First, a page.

So, what can North Korea learn from Cuba?
That’s what the editorial staffs of the Chosun Ilbo and Dong-A Ilbo were asking today. And the answer they reached was, essentially, if the North Koreans were to just stop being a-holes, good things might happen for them.
Both papers noted that what made the normalization of U.S.-Cuban relations possible was Cuba’s efforts to undertake economic reforms and promote greater openness. They also note that with Libya, Myanmar and Cuba coming in from the cold and even Iran currently engaged in negotiations with the United States, North Korea was pretty much the only really isolated country left on the planet.
The way to improve relations with the United States is not to threaten them with nukes, but to open up and reform, the papers say. That Cuba was North Korea’s brother in international communism should make Havana’s efforts even more meaningful for Pyongyang.
Of course, other papers suggest that the United States should apply lessons learned with Cuba to North Korea, too. The JoongAng Ilbo – no friends of North Korea, mind you, given that they were cyber-attacked by the North in 2012 – said the United States, as a party to the Korean War armistice, should take a greater interest in ending the Cold War structure on the Korean Peninsula. In particular, it said Washington should drop its insistence on North Korea giving up its nuke program as a precondition to improved relations, and instead make the nuke issue a long-term project to be resolved. It also noted that President Obama admitted the embargo on Cuba, which lays just off the American coast, had failed, suggesting, I guess, that it should also admit its isolation of North Korea had failed, too.
The Hankyoreh also calls on both North Korea and the United States to learn lessons from the Cuban example, and hopes South Korea helps the learning process:
The normalization of relations between the US and Cuba could be an opportunity to change the mood in the international community, which has focused on conflict over cooperation in recent years. In particular, South Korea needs to play an active role so that the goals of addressing North Korea’s nuclear program and normalizing relations between North Korea and the US can be achieved simultaneously. The departure point should be improving inter-Korean relations and resuming the six-party talks.
Even if the North Koreans were open to learning lessons from Cuba – and I’m not entirely sure they are, given that they’ve had decades to study China and Vietnam and have apparently decided there wasn’t much to learn – I imagine they’d wait awhile to see how developments with the United States play out. Congressional Republicans – whose support President Obama is going to need to lift sanctions against Cuba – and even some Democrats aren’t thrilled about the president’s Cuba surprise. And at any rate, if you’re North Korea, there are lots of lessons to learn, and not all of them point to a happy ending. Pyongyang likely remembers what happened to Muammar Gaddafi, another former Cold War enemy who made nice with the United States only to find himself riding a bayonet after a NATO bombing campaign.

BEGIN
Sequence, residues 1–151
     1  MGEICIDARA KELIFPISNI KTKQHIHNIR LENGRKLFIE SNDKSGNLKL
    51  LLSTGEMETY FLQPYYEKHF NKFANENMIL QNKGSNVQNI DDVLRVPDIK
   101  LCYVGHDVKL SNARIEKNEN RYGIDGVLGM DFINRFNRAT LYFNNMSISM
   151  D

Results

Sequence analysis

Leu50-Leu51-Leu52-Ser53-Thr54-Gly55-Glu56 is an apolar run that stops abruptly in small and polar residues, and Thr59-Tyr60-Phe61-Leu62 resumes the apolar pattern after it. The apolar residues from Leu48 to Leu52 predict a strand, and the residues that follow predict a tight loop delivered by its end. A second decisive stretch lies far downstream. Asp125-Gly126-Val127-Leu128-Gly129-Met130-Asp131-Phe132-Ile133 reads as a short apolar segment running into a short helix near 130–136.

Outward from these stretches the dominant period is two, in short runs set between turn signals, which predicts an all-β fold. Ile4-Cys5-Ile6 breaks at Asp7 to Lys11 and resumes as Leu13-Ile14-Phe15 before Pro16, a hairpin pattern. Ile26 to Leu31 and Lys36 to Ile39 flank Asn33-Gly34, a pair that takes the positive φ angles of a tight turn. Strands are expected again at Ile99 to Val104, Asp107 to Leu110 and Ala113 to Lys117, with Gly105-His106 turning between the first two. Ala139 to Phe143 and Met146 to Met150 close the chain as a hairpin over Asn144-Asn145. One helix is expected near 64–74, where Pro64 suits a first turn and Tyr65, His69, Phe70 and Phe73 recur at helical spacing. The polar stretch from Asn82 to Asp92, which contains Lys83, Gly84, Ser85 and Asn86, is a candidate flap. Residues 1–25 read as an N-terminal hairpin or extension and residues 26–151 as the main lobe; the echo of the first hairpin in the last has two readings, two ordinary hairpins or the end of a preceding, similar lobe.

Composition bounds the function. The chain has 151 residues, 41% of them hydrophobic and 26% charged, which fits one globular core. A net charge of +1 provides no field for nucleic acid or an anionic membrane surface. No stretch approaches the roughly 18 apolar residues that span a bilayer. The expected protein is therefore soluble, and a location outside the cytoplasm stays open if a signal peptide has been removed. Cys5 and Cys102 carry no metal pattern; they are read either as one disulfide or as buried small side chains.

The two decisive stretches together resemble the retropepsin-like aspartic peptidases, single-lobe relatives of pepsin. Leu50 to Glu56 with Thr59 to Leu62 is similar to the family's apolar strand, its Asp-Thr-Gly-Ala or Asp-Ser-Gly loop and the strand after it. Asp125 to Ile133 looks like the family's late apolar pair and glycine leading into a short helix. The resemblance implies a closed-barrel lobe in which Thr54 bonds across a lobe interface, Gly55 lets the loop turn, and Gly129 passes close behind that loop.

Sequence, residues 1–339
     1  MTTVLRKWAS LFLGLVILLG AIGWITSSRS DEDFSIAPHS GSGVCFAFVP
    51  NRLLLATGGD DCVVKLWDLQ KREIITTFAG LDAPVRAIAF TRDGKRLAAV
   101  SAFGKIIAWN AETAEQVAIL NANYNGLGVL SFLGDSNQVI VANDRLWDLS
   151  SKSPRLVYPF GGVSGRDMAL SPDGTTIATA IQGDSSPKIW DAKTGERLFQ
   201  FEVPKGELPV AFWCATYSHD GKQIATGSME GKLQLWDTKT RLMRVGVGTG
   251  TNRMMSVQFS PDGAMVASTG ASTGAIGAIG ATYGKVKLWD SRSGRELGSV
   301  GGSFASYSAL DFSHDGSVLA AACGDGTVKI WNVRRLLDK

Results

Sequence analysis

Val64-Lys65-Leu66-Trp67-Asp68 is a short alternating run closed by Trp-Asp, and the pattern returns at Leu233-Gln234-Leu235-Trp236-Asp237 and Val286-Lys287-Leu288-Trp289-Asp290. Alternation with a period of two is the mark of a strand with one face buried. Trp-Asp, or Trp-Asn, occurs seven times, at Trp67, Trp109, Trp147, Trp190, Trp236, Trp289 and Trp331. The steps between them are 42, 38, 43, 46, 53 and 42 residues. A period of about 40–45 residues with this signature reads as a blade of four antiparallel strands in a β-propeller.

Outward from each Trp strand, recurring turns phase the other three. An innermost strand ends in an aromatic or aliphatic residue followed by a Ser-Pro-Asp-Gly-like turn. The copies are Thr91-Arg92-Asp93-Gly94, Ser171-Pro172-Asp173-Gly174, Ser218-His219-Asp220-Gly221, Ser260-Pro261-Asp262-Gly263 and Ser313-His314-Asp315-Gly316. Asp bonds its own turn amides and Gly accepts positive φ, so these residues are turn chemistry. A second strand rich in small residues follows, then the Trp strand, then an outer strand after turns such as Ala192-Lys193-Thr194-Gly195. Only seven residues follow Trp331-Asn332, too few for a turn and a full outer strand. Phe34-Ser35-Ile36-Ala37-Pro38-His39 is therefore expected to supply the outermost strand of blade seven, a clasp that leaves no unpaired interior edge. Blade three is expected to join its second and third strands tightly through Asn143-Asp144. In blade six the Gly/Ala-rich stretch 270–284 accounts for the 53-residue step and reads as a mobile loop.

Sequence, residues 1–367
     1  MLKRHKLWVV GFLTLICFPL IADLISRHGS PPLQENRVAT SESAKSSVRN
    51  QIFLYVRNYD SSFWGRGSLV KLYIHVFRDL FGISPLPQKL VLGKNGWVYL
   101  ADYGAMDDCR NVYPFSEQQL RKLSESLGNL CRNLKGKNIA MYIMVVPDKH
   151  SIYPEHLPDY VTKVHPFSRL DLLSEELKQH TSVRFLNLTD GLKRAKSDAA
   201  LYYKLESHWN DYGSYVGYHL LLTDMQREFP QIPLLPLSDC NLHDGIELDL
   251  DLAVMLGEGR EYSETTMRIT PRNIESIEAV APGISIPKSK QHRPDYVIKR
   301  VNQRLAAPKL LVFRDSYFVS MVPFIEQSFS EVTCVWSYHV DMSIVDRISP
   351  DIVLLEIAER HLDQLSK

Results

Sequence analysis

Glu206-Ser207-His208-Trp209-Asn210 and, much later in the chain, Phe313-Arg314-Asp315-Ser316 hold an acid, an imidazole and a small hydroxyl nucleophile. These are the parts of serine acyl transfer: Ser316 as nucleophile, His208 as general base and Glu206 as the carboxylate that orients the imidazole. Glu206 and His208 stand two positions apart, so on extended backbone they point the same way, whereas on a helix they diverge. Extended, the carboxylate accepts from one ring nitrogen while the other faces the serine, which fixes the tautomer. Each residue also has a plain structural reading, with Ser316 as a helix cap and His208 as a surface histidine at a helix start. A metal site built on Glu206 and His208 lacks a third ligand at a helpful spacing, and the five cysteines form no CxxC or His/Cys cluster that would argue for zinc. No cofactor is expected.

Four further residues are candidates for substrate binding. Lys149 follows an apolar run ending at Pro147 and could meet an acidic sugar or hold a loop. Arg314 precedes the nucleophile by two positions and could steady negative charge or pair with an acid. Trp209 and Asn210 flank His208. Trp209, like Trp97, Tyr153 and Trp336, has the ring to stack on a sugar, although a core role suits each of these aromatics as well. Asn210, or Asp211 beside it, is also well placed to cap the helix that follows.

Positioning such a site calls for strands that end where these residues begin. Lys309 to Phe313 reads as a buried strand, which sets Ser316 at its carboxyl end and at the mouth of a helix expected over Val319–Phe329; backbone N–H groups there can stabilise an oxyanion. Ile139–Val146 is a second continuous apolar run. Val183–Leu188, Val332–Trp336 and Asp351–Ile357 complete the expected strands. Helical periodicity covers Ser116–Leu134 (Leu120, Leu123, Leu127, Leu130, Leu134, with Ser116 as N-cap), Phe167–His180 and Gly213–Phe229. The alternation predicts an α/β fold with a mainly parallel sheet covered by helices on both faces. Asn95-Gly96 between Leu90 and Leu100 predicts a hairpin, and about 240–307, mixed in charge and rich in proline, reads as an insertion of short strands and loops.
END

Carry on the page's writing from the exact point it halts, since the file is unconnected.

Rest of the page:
Then there’s the question as to whether the United States can try the same thing with North Korea, or even wants to. With President Obama set to take a major league shellacking from Congressional Republican over Cuba and Ukraine and the Middle East going to shite, the White House could be all out of political capital to spend on foreign affairs. President Obama might also decide to make up for Cuba by taking a tough line against Pyongyang, especially if they really have determined that North Korea was behind the Sony hacking and subsequent threats against U.S. theaters. And outside the United States, improving ties with Cuba seems to be a pretty popular choice, especially among the Western left. You don’t get the same kind of international brownie points for making nice with North Korea, which seems universally disliked, even by Pyongyang’s own allies. Still, the Nobel committee gave Kim Dae-jung the Peace Prize for meeting with Kim Jong-il, so I could be wrong here.
Then there’s the fact that North Korea ain’t Cuba. Cuba was never nearly as isolated, either in terms of its foreign relations or private interactions with the outside world, as North Korea was and is. While both ostensibly communist, they have vastly different histories, cultures and polities, which means even if U.S. trade and interaction with Cuba yields positive results, there’s little reason to believe it would work with North Korea. I suppose this isn’t an argument against at least trying to improve relations with North Korea as long as you a) don’t mind the risk of subsidizing Pyongyang’s nuclear program with U.S. taxpayer money and b) are OK with possibly bankrolling the North Korean regime. But it does breed a healthy dose of skepticism.
Photo by Alex Brown.